A major component of financial planning is saving for higher education expenses. With many available options, it can be daunting to know where to start. The purpose of this blog is to help you better understand the unique differences of the various education savings vehicles.
According to Sallie Mae, general savings accounts held at a bank are the most often used funding vehicle for college. While utilizing a savings account for education expenses may seem like the easiest option, your savings may not go far enough when comparing the interest earned at most banks relative to the inflation rate of college expenses. For example, if your savings account earns 1% and annual college expenses are growing at 4%, your savings are not keeping up with rising costs.
Many do not know that there are savings vehicles that offer better growth opportunities and potential tax advantages. These are 529 Plans, Coverdell Education Savings Accounts, UTMA/UGMA accounts, and Roth IRAs.
The 529 is a tax-advantaged savings plan sponsored by every state and the District of Columbia. There are two types of 529 plans, Prepaid Tuition Plans and College Savings Plans:
A second education savings account is the Coverdell Education Savings Account (ESAs). These accounts are like 529 plans in that they also grow tax-deferred and withdrawals can be made tax-free for qualified education expenses. However, you are limited to a maximum annual contribution of $2,000 and if your adjusted gross income is more than $110,000 annually ($220,000 annually for those filing married filing jointly), you are unable to contribute.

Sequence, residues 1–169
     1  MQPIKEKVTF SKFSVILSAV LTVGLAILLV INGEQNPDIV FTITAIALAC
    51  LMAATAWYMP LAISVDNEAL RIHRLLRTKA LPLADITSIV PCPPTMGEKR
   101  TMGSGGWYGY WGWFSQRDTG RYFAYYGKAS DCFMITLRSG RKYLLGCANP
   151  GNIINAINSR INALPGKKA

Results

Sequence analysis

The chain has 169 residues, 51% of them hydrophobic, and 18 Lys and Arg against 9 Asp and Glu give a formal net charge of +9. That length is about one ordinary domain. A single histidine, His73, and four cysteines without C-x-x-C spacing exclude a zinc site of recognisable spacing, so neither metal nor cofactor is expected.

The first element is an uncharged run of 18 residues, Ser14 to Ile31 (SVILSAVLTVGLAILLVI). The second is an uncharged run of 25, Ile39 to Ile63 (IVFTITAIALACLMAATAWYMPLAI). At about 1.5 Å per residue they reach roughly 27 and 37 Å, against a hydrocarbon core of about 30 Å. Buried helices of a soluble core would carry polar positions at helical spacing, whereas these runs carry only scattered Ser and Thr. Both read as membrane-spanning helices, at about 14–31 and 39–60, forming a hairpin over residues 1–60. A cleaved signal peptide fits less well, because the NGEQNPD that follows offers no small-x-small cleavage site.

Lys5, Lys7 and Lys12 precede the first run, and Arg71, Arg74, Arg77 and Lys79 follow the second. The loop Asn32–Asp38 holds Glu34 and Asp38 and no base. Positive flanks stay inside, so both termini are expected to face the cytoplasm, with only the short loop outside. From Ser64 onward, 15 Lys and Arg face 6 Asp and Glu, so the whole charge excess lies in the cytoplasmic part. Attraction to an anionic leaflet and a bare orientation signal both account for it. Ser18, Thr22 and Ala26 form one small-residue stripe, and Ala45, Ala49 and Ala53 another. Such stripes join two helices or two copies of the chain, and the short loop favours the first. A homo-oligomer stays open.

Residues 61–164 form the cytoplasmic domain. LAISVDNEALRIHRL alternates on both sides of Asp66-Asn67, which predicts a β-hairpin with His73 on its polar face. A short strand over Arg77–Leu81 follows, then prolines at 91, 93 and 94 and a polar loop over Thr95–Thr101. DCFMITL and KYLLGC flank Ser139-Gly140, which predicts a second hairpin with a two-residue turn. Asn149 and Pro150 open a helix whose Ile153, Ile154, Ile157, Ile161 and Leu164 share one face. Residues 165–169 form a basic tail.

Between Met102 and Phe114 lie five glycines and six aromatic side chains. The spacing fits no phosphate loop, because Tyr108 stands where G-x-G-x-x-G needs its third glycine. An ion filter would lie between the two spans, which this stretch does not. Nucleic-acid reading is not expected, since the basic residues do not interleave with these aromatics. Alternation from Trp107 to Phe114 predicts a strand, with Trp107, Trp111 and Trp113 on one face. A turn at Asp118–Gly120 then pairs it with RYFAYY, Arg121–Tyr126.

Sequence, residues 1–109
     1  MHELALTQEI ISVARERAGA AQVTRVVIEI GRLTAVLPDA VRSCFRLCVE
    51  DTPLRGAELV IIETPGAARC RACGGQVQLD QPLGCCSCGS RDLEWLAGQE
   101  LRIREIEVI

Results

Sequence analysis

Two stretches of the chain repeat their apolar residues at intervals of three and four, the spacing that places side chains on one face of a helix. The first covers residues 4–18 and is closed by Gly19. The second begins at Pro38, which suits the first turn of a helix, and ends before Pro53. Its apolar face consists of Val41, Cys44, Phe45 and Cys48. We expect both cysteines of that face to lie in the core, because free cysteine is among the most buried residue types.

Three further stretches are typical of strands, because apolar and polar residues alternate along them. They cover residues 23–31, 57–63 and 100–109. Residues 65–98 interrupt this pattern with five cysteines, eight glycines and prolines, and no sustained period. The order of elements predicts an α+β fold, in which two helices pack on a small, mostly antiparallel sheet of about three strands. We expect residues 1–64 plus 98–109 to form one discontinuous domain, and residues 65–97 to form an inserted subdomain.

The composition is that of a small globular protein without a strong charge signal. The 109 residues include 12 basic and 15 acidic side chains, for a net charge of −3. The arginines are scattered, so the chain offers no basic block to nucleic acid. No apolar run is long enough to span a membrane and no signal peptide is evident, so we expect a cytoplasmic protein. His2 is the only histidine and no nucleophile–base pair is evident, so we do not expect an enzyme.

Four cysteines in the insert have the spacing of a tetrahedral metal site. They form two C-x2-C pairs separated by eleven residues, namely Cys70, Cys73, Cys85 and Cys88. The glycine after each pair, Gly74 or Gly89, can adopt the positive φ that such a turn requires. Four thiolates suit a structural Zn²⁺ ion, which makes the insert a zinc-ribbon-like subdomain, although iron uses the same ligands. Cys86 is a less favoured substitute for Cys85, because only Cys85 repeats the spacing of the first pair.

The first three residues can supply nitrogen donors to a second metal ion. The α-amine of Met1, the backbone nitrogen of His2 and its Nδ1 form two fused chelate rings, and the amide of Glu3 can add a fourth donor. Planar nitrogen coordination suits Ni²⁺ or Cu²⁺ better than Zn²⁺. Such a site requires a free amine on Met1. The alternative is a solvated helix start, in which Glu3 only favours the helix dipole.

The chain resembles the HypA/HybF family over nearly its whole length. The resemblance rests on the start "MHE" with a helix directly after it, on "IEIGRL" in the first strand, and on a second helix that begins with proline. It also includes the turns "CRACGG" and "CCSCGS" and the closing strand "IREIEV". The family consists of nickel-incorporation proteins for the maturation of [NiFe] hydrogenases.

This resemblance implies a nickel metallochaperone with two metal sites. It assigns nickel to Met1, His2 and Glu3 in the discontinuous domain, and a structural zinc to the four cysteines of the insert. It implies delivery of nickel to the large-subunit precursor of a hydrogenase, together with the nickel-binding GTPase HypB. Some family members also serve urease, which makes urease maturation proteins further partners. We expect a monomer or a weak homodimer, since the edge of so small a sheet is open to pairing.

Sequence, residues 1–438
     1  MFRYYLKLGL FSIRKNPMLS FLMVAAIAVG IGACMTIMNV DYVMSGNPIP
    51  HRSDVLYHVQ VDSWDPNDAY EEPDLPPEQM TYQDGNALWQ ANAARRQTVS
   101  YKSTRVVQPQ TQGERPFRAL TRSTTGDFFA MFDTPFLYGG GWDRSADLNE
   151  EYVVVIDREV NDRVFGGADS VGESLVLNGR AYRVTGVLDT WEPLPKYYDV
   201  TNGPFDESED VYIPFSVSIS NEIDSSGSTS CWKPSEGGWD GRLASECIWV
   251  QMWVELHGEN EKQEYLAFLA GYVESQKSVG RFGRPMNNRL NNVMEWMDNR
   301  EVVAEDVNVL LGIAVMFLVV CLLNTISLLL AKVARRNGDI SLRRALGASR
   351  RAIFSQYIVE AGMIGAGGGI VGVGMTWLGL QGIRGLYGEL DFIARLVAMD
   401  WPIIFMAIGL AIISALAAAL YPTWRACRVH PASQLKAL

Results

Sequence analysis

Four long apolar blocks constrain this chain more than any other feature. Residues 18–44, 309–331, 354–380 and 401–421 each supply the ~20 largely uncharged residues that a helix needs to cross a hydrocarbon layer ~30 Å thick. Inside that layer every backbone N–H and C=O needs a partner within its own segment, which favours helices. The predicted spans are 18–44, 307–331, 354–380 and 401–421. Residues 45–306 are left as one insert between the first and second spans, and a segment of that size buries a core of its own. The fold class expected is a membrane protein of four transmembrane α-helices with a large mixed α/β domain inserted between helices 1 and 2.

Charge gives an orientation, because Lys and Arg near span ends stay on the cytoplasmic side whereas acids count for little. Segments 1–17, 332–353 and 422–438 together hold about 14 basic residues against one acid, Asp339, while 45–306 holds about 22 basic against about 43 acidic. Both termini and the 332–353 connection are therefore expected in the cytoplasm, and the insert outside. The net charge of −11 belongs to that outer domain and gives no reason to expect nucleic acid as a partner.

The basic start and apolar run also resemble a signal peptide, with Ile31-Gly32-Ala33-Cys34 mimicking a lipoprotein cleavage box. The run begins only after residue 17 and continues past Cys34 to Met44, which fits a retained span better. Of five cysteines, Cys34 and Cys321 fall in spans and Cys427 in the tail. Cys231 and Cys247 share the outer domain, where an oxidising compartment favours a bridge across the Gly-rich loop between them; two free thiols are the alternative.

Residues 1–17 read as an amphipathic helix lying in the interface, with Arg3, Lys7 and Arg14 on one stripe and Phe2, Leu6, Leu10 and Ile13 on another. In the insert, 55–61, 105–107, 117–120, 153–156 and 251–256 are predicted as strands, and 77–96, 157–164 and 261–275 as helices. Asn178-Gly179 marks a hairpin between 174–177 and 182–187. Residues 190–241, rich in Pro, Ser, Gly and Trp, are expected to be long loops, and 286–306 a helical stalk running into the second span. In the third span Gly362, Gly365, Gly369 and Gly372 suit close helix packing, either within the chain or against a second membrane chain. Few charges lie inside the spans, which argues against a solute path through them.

Other options for education savings include UTMA/UGMA accounts. With an UTMA/UGMA account, assets are placed in the beneficiary’s name with you serving as custodian until they reach the age of majority in your state. Assets are subject to capital gains taxes and once the beneficiary reaches the age of majority, the assets transfer to their sole ownership to be used as the beneficiary wishes. This means that the assets you have saved may not be used exclusively or at all for higher education expenses.
Roth IRAs are also an option although as wealth managers, we would prefer those assets remain intact for retirement planning purposes. Since contributions to Roth IRAs are after-tax, withdrawals are made tax-free if you are older than 59 ½ which is a great benefit for retirement income and an inheritance to your heirs. However, the assets in a Roth IRA can be used for qualified education expenses without incurring the 10% penalty prior to reaching age 59 1/2, but the withdrawals may count as income when you file to FAFSA to determine financial aide eligibility.
The point in all of this is that there are several savings options for future college expenses. It is important to begin saving early and often. If you have questions or would like more information about your options, please give us a call.
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